June. The month when many schools shut their doors for the summer. The month when students graduate from high school and college amid much excitement. The month when couples go to the chapel (or city hall) and say “I do.”
Hearing so much talk of weddings this month brought me back nearly three years ago to my wedding to Eric. We met on AOL in October 1995, and officially tied the knot nearly 14 years later, on August 20, 2009.
But the events from the fall of 2008, when we decided to make our union “official” with a civil union ceremony the following winter, were eventful.
My mom was in the hospital at the time: a heart attack, followed by triple bypass surgery, and then a cancer diagnosis on her 78th birthday. Mom’s health issues showed me that life was short; so one day after visiting her in the hospital, I came home and suggested to Eric that we take the plunge.
Plans for our winter 2009 civil union ceremony were underway. A friend was going to sing “For Good” from the Broadway musical Wicked. Our friend Deb declared herself our "wedding wench."
And then, in January 2009, Eric’s dad, Walt, died suddenly.
We decided to postpone the ceremony. Saddened by Walt’s passing, we felt it wasn’t the time to celebrate our commitment to each other. Our decision proved wise: shortly after his father died, Eric tore his retina twice, requiring multiple surgeries and a long recuperation.
We were heading to Provincetown in August. Provincetown was, and still is, like a second home to us. We have dear friends there. It’s a place I go to write; it is the setting for my novel and play “Breeding Ground.” It’s a town where we can openly hold hands as we walk down the street—something we can’t do just anywhere.
So we decided to get married during our vacation. Some lessons we learned from our experience:
1. Sometimes less is more. We opted out of a big, splashy, and costly ceremony in favor of a low-key and stress-free celebration of our commitment to each other. We were going to Provincetown during Carnival Week, which culminates in an elaborate, wild and colorful parade celebrating diversity and pride. We decided to get married after the parade was over.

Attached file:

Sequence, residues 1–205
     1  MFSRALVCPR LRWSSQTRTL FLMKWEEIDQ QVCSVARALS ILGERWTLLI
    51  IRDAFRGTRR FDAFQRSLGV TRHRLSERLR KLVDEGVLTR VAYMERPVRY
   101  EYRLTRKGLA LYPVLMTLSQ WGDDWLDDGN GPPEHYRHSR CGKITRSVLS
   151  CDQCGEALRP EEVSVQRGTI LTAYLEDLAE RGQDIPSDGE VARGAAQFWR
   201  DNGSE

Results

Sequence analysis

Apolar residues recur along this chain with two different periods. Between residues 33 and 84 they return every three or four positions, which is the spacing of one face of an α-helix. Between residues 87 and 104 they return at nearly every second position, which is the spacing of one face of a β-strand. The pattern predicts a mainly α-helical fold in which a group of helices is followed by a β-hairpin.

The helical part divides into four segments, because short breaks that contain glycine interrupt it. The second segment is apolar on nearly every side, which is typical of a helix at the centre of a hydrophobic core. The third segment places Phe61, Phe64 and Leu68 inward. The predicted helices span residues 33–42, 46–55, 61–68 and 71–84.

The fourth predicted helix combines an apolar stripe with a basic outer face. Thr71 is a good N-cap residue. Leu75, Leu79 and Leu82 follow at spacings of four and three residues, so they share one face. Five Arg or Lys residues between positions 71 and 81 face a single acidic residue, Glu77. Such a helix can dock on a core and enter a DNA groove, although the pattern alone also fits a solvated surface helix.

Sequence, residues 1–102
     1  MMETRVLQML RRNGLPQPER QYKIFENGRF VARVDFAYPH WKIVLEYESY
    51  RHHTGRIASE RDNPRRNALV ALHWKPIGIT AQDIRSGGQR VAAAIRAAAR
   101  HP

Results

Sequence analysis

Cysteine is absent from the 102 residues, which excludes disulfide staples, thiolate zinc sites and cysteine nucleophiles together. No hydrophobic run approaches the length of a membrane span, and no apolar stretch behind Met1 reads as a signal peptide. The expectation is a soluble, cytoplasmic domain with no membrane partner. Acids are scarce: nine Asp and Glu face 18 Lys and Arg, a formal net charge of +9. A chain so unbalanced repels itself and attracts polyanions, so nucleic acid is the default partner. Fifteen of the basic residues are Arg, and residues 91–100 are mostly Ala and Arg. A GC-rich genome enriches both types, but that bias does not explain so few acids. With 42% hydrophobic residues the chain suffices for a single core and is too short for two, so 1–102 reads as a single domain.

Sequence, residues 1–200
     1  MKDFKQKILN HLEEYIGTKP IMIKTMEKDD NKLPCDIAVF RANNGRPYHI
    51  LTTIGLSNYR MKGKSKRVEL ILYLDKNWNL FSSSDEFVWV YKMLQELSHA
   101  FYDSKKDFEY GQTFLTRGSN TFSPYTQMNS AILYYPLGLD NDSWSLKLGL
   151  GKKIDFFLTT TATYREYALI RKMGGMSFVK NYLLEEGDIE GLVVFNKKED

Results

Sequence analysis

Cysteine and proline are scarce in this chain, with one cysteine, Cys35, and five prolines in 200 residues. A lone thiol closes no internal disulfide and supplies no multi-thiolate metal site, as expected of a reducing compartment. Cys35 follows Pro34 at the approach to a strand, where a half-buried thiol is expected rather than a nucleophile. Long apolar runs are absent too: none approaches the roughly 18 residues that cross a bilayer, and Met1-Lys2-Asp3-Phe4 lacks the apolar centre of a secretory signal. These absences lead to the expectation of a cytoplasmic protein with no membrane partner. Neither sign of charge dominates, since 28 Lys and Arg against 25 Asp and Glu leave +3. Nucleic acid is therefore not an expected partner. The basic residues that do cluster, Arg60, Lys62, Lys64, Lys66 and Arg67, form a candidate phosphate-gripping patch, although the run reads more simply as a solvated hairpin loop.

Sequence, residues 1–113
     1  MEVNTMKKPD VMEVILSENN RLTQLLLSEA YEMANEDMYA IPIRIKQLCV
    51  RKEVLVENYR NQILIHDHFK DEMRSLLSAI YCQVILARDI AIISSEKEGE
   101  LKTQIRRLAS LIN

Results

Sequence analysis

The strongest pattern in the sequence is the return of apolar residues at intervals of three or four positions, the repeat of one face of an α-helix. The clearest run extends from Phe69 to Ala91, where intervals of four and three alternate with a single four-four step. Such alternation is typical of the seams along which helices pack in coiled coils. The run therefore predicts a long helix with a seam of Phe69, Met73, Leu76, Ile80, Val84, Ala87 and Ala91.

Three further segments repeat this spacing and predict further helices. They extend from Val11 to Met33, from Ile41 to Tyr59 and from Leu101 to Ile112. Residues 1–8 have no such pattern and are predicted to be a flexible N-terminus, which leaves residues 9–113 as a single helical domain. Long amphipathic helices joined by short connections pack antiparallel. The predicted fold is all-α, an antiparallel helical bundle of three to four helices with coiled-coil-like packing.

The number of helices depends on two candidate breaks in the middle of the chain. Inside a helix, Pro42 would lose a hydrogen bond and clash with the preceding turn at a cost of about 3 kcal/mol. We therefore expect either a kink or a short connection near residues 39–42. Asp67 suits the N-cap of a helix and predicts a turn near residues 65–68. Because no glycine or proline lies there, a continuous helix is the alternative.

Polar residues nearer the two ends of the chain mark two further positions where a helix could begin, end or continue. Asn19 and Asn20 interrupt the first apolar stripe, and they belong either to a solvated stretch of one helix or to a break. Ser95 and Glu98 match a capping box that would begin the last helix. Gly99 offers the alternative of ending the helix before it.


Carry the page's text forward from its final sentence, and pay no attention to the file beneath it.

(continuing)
We went to Provincetown having lined up an officiant, a small group of friends for our guests—but no venue. We figured we’d find a strip of beach on which to hold the ceremony; that’s pretty much how we live. Instead, when we got to town, our dear friends Bill and Jim graciously offered us their rooftop deck.
2. Let your personalities shine. When it comes down to it, the wedding really is about the groom and groom, or the bride and bride, or the bride and groom—although you might not expect that after hearing so many horror stories about family and friends forcing their opinions on the happy couple.
Our wedding was for us, so we made it about us; our passions and interests. Instead of a stodgy cleric, our minister was Lady Di, a raucous Provincetown drag queen. The Carnival theme in 2009 was “Summer of Love,” so Eric and I wore sixties hippies garb, and I wore a peace sign around my neck. Summer of love, indeed.
3. Let go of stress. Our friend Deb was more stressed out than either of us. We put stress out of our minds and instead focused on having fun. And that’s what we did. We had lots of fun!
4. And, finally, embrace the magic of your special day! Our wedding was a memorable time, not only for us but for our guests. At sunset, our small group gathered at Bill and Jim’s house, where they waited with Deb, our songbird, John, and two unexpected but very welcome additional guests: Bill’s friends Anthony and Christian, who were also in town for Carnival.
Deb read a few poems. John surprised us by singing Madonna’s “Like a Virgin,” all the while sporting a white wedding veil. Afterward, he sang again, a beautiful song that moved us to tears. A small circle of new and longtime friends flanked us as we dedicated our love to each other, the Pilgrim Monument towering in the background. (Did you know that the Pilgrims first landed in Provincetown before moving onto Plymouth?)
I can’t keep a secret at all, but I did in this case. During the ceremony, I switched the rings Eric was expecting with two titanium-and-black-ceramic bands featuring five small diamonds.
As I explained to my surprised new husband after the ceremony, the diamonds represented him and me and our cats Mulder, Tabby, and Vasquez. I saw a tear descend from his eye.
It was a day for us and about us, a ceremony that reflected us and our personalities; a day with little fanfare and little stress. For us, it was the perfect wedding.